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Dan Brown (Author)

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Dan Brown is an American Author/Writer and Novelist who wrote some of the most controversial religious books: Angels & Demons and The Da Vinci Code. He has so far written seven books, with two being adapted to cinema and a third on the way.

BiographyEdit

Early LifeEdit

Brown was born on June 22nd, 1964 in New Hampshire, USA, to Constance and Richard G. Brown. Brown and his two younger siblings were raised in a board school where his father taught mathematics, and was obligated to reside at for ten years as part of his job. After graduating from high school in 1982, Brown attended Amherst College, from which he graduated with a major in English and Spanish in 1986. Brown played squash (much like David Becker), and took part in a fraternity and sang in the Amherst Glee Club.

Short Musical CareerEdit

Following his experience as a singer in university, Brown attempted to enter the music business by creating a children's cassette ("SynthAnimals"), and later released a CD ("Perspective"). Soon after moving to Los Angeles, where he joined the the National Academy of Songwriters, he met his future wife, Blythe Newlon. Newlon aided Brown by promoting him through promotional events and personal connections. The two soon fell in love, and moved back to New Hampshire, only to marry each other four years later. Brown's last musical products were two other CDs he released, entitled "Dan Brown" and "Angels and Demons" (his future best-seller).

Beginning of WritingEdit

Brown's sudden transition to writing occured during a vacation in Tahiti, when he read "The Doomsday Conspiracy", a novel by Sidney Sheldon, and believed he could do better. Brown then started working on Digital Fortress, which was evantually published in 1998. In between the writing on his suspense books, Brown and his wife released humor books, under which he is credited as Danielle Brown. Digital Fortress was not an immediate success, which was held away from Brown until he published his fourth and most successful book, The Da Vinci Code.

Bestselling Author & FutureEdit

Brown's fourth book, The Da Vinci Code proved to be an immidiate success, reaching the top of the New York Times Best Seller list, and selling over 60 million copies. Brown also got into Time's list of the 100 most influential people of 2005. In 2006, his last book was adapted to the big screens, in a production that had Ron Howard as the director, Tom Hanks starring as Robert Langdon and a long list of talented actors portraying the rest of the characters. Brown himself was credited as an executive producer and as a writer for the movie. Three years later, his prequel to Da Vinci Code was turned into a movie as well, serving as a sequel. Tom Hanks returned as Langdon, and Howard directed it as well. Both men are currently filming the lastest book of the series: Inferno.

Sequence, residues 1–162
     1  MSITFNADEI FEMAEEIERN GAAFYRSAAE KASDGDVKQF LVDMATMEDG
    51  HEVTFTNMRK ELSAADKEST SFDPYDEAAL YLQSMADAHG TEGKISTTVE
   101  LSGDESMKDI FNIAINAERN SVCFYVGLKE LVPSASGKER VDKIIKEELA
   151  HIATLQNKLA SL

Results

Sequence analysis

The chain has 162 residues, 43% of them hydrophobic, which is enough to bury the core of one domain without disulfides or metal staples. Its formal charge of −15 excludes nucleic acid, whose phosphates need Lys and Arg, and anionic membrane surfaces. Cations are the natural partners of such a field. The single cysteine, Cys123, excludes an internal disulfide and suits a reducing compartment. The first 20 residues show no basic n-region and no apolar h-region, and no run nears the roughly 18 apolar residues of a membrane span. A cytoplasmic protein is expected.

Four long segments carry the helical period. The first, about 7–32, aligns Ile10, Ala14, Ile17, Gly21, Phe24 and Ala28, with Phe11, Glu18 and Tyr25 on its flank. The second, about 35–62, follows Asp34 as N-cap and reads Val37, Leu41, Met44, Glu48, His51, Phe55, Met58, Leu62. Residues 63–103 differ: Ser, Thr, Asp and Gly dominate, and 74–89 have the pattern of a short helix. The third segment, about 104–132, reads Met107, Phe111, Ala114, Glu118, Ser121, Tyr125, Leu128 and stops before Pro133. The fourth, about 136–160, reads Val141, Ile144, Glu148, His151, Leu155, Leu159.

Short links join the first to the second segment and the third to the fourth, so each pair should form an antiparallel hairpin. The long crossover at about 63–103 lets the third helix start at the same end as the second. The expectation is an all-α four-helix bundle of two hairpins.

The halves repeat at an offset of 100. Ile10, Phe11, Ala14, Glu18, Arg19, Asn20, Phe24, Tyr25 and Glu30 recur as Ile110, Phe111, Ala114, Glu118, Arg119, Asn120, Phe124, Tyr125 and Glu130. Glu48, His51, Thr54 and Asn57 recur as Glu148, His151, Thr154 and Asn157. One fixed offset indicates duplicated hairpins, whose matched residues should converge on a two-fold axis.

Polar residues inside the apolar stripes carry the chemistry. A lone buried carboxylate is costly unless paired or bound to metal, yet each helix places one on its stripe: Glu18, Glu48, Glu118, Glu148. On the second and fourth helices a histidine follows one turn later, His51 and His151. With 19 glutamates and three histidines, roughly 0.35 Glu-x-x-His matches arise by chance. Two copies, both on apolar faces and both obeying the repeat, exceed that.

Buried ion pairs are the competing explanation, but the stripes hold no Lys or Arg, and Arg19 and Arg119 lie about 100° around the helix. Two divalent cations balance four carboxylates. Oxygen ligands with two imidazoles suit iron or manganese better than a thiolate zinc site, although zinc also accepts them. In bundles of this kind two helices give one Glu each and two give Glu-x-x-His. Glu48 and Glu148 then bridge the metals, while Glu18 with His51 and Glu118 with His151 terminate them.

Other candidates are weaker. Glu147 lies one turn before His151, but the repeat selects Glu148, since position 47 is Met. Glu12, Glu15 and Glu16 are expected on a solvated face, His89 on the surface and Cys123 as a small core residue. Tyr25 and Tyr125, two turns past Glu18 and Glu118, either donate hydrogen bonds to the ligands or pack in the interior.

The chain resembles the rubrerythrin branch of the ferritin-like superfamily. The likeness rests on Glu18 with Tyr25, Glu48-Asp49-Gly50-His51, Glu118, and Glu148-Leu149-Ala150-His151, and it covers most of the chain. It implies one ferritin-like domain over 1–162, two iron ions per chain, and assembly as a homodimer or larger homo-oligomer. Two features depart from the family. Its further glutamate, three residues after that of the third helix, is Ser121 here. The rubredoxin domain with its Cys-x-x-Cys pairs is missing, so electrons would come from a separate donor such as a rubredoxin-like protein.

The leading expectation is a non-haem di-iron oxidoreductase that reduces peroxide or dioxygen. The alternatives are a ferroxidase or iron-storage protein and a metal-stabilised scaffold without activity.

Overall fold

The Da Vinci Code caught the media's attention, both as a novel and a movie. Many religious instititues presented the book as "Anti-Christian" (while Brown himself declared he is Christian), and one case even claimed that Brown plagarised the idea behind the Holy Grail from a book titled Holy Blood, Holy Grail. Brown won the case in 2007.

His sixth novel, The Lost Symbol features the fraternity of Freemasons as well as a branch of psychic science known as Noetic science. It deals with the little-known legend of the Ancient Mysteries.

Inferno, his latest book, deals with the Malthusian catastrophe and how the amount of food and resources produced will not be enough to support the number of human beings on the planet eventually.

TriviaEdit

  • Brown implied that his characters' manners and names often come from his personal world. Langdon is named after John Langdon, an artist who helped with the art for Angels and Demons' cover; Langdon's fictional editor is named Jonas Faukman, while Brown's real-life editor is Jason Kaufman.
  • In order to deal with his writer's block, Brown uses gravity boots, which according to Brown "hanging upside down seems to help me solve plot challenges by shifting my entire perspective". [ 1 ]
  • Brown starts writing each day at 4 AM, with an antique hour glass on his desk. At the end of every 60 minutes, Brown takes a break to do push-ups, sit-ups and stretches.
  • He shares the same birthday and place of birth with his fictional protagonist Robert Langdon.

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